For my friends, Marci, Jen, Melissa, Steph... Who each seem to be facing heart aches that can only be solved by Love, faith and hope, be happy! Because Love, faith and hope are the most powerful forces in the Universe. You are not powerless because you lack solutions. You are so incredibly powerful because you have surrendered to exactly What will make everything new and beautiful again. Faith, not fear.

And Jesus said unto them, Because of your unbelief: 
for verily I say unto you, If ye have faith as a grain of mustard seed,
ye shall say unto this mountain, Remove hence to yonder place;
and it shall remove; and nothing shall be impossible unto you. 
~Matthew 17:20

   So, friends, if you find yourself slipping into that thought pattern where you lament past failures or indulge in frustration or even anger over constant, repeating, painful rejection... Think of the dozens of zinnia seeds that fell to the ground for nothing, except maybe a chicken's meal. Then remember that just ONE SEED became all that was needed. Do not give up. Do not stop trying. You are enough, and what you seem to lack is available through prayer and believing. Keep doing every single thing you believe to be good and right. Continue on a path of Love and just ignore all evidence that would have you think Love isn't the answer. THAT is the lie.

"Believe in the Possibility of Everything."

Monday, September 9, 2013

Shadows and Light

   Over this past month my babies have become, once again and more than ever, less babies and more young women. Now sixteen and eighteen, they are both squarely in a chapter of transition away from girlhood. Happily, I must admit, they seem ready for it all to progress.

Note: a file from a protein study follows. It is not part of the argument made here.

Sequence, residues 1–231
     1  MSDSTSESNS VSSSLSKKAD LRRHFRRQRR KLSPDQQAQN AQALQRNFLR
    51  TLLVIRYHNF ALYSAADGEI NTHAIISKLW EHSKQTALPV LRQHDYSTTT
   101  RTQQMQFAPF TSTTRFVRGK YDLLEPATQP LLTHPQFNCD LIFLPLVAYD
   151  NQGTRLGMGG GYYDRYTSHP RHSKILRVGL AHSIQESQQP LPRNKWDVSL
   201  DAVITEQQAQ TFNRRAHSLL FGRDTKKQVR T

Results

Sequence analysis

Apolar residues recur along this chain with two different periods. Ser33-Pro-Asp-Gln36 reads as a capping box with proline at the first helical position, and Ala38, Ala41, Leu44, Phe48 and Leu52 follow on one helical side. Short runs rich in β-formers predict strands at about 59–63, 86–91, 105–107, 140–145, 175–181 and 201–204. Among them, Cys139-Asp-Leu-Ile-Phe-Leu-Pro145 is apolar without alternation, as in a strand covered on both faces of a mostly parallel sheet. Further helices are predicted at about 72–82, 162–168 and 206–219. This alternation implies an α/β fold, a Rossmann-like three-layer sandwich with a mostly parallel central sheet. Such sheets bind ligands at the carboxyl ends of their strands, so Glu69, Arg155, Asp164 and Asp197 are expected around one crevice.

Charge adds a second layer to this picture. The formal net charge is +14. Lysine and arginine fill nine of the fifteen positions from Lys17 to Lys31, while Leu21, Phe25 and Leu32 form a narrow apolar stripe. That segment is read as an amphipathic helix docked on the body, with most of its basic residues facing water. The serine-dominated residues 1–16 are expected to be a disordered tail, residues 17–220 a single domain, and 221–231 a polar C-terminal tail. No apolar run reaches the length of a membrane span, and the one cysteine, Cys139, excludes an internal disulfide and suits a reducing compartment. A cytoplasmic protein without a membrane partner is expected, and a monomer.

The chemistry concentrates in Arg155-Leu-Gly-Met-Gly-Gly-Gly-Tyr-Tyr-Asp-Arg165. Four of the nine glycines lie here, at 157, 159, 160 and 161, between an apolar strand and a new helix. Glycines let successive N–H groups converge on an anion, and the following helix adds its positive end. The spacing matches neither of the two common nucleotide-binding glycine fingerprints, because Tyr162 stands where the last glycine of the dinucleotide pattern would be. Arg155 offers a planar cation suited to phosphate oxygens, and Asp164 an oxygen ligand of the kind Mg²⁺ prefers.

When I stop and dwell on it for very long, the plain facts of this part of life overwhelm me with grief. Had someone told me five years ago that we would still be enduring this now, I might not have been able to bear it. If you ask Handsome, he would say certainly not. Instead, life came at us, as it thankfully does for everyone, just one day and one moment at a time. And our joys have far outnumbered even our deepest sorrows.
"If only you could make now last forever."  Frank said on one of those nights while they lay on their backs watching a huge half-moon roar up out of the dark shoulders of the mountain. Frank was eleven and not by nature a philosopher. They had all lain still, thinking about this for a while. Somewhere, a long way off, a coyote called. "I guess that's all forever is," his father replied. "Just one long trail of nows. And I guess all you can do is try and live one now at a time without getting too worked up about the last now or the next now." 
   In fact, the miracle here, even ahead of the biggest ones for which we still pray, the most sublime grace we enjoy... Is that in the exact space of that dark thought of grief over this temporary separation, perhaps just a half a heartbeat after it, we feel so much intense joy and see so much blinding, dazzling light that not gobbling up life is the unnatural thing. Love is all around us and between us, still. The plain facts of life that would have us crumble in pain instead become the debris. That's how powerful Love is.

   My girls are such beautiful creatures, in every way. One is an artist and one a writer, both stunningly talented and skilled beyond their years. One loves music and running; the other loves cooking and books. Both are easy friends and loyal ones. Both are so loving, so fierce and wonderful in their own myriad ways. And both love animals, which is why Handsome and I started this place almost six years ago.
Two creeks ran through the Booker brothers' land, and they gave the ranch its name, the Double Divide. They flowed from adjacent folds of the mountain front and in their first half mile they looked like twins. The ridge that ran between them here was low, at one point almost low enough for them to meet, but then it rose sharply in an interlocking chain of rugged bluffs, shouldering the creeks apart. Forced thus to seek their separate ways, they now became quite different.